Moore again calls Alabama election 'fraudulent'

Casey Dawson
December 29, 2017

The complaint was filed less than 24 hours before Alabama election officials certified Jones as the victor, paving the way for his swearing-in to the Senate next month.

Mr Jones will be sworn in on January 3 and is the first Alabama Democrat elected to the Senate in 25 years.

"I am looking forward to going to work for the people of Alabama", Jones, a 63-year-old former federal prosecutor, said in a statement.

A spokesman for Merrill said an Alabama judge denied Moore's request to block certification of the results of the December 12 election in a decision shortly before the canvassing board was to meet.

Montgomery Circuit Judge Johnny Hardwick on Thursday denied a last-ditch legal bid by Mr Moore for a restraining order to stop Alabama's canvassing board from certifying Mr Jones' victory.

He will fill the Senate seat vacated by Jeff Sessions when Sessions became USA attorney general in the Donald Trump administration early this year.

The final margin was 21,924 votes, or 1.63 percent.

Alabama's Republican Secretary of State John Merrill tried to make it as clear as possible that widespread voter fraud did not occur in Alabama's special Senate election that saw Democrat Doug Jones pull off a shocking upset over embattled Republican Roy Moore.

Alabama's election canvassing board is scheduled to meet at 1 p.m. Thursday to certify the election result.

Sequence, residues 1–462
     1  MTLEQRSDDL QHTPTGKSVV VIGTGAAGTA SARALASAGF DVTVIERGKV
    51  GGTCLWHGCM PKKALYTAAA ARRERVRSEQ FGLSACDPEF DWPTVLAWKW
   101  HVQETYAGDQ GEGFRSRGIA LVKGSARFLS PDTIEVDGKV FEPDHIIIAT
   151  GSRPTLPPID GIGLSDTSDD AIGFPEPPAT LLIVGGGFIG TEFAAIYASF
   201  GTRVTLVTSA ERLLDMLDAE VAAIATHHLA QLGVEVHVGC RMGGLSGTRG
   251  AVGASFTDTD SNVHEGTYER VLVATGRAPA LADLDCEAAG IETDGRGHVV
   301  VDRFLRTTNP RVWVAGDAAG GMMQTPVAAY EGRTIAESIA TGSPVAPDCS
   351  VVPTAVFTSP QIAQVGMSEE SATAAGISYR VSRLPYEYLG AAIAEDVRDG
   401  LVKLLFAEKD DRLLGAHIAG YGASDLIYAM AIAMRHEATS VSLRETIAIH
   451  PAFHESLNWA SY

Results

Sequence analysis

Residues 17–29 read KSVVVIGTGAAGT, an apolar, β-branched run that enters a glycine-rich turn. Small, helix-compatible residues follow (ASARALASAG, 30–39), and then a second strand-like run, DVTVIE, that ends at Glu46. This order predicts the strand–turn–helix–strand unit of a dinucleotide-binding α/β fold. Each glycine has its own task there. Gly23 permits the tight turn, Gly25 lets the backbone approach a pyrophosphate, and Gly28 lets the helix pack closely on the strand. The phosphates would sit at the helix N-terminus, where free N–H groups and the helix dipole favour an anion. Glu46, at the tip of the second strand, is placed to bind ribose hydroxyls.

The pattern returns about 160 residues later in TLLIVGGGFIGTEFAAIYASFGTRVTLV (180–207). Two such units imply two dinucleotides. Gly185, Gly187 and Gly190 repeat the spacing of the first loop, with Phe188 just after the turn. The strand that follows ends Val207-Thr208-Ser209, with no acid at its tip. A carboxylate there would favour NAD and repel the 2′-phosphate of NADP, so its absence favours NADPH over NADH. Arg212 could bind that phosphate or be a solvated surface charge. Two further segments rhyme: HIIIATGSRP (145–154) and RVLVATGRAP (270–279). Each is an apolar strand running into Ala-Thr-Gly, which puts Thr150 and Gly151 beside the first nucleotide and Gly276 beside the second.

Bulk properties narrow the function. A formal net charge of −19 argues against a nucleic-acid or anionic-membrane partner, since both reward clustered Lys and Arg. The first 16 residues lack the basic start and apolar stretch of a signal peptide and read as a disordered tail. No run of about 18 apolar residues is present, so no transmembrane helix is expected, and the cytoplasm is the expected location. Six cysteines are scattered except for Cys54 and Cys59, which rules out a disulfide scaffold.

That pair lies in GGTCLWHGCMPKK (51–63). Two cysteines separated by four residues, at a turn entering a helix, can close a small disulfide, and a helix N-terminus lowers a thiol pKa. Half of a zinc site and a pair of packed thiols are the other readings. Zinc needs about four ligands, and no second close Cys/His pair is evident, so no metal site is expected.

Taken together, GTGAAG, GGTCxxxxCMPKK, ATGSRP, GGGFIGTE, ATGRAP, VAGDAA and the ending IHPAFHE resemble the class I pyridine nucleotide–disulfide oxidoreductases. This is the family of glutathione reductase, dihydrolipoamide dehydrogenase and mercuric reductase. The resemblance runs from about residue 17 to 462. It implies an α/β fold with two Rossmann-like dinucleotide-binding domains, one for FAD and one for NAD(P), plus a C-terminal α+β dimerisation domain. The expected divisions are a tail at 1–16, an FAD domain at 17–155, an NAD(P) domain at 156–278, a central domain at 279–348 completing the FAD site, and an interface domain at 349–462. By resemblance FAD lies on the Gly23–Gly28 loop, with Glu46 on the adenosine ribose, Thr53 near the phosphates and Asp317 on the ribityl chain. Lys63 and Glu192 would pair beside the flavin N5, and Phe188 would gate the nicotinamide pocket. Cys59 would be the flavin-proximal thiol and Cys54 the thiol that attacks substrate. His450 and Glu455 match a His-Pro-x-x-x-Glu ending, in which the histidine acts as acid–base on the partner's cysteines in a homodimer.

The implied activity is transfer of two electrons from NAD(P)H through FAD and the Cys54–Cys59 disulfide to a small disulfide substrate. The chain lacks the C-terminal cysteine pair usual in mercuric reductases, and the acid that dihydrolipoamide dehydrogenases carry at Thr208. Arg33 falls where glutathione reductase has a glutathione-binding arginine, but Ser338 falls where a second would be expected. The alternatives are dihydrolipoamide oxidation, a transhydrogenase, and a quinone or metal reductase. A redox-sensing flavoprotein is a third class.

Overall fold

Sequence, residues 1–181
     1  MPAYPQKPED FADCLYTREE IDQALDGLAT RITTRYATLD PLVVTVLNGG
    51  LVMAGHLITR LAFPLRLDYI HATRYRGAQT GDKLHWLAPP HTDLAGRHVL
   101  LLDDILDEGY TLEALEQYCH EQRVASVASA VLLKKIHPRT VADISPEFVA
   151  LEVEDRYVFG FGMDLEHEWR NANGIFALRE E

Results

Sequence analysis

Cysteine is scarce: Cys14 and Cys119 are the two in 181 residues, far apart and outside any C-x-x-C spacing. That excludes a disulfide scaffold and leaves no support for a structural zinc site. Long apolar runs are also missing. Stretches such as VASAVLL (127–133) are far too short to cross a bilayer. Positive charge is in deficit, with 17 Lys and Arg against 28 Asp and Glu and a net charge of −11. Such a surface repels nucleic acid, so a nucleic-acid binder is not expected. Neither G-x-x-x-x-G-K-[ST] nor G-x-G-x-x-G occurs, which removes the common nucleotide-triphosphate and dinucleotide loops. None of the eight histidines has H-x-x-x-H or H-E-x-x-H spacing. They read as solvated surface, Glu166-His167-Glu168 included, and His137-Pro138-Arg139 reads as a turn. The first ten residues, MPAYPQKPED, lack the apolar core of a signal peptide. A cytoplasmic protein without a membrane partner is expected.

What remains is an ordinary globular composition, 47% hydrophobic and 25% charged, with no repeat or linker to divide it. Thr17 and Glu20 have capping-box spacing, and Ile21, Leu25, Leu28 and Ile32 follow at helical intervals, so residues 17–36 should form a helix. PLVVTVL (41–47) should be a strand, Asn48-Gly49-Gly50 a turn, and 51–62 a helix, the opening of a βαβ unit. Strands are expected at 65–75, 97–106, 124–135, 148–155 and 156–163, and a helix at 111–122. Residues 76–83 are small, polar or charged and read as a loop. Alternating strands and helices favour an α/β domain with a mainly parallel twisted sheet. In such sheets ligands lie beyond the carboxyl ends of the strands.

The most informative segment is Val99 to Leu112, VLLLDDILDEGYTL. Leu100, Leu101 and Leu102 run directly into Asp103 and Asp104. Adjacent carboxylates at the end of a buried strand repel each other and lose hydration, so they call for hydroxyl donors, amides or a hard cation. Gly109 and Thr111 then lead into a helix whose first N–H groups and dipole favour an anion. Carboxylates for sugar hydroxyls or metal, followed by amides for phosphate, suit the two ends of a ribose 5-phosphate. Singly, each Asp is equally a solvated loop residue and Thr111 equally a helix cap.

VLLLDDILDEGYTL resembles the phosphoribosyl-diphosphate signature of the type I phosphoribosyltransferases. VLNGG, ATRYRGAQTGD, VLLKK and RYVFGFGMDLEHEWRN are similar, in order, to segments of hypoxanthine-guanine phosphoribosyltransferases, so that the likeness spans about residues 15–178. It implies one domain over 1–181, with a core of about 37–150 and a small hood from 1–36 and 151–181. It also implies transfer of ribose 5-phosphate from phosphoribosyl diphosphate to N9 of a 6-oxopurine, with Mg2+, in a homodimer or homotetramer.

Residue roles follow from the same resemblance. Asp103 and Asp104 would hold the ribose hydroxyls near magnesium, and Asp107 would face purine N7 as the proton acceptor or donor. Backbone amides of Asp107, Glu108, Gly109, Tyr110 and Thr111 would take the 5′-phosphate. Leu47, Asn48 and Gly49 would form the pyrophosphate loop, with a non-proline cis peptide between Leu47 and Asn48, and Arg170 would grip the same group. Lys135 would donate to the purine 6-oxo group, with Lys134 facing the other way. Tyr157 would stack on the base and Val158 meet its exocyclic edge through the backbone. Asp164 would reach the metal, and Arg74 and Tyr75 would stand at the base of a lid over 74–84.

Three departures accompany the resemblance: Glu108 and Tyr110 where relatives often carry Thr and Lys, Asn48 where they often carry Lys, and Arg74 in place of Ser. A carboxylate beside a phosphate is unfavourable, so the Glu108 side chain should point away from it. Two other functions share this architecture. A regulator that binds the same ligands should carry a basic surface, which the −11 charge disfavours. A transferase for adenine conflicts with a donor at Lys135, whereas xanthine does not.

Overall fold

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Moore's challenge alleged there had been potential voter fraud that denied him a chance of victory.

Merrill also said he was able to identify a young man who appeared on local TV on election night - and seemed to suggest people had come from other states to vote for Jones.

Present for the certification of the Senate election results were board members Gov. Kay Ivey, Attorney General Steve Marshall and Secretary of State John Merrill. Moore bested the interim senator, Luther Strange, in the Republican primary.

A spokesman for Jones earlier called Moore's action a "desperate subvert the will of the people".

Trump congratulated Jones after the unofficial vote counts were tallied, but said in a tweet sent later that day that "the deck was stacked against" Moore.

The complaint also contained an affidavit from Moore "stating that he successfully completed a polygraph test confirming the representations of misconduct made against him during the campaign are completely false". Whilst the election may well have been subject to a certain amount of irregularity, the question was always whether the amount of fraud committed changed the outcome.

Rick Hasen, an election law expert and professor at the University of California, Irvine, said Moore's complaint did not raise the sort of issues that lead courts to overturn an election.

The election result was a blow to President Trump, who gave Mr Moore his full-throated support, even as other Republicans distanced themselves following the misconduct allegations.

Regarding the claim of voter fraud, Merrill told CNN that more than 100 cases had been reported.

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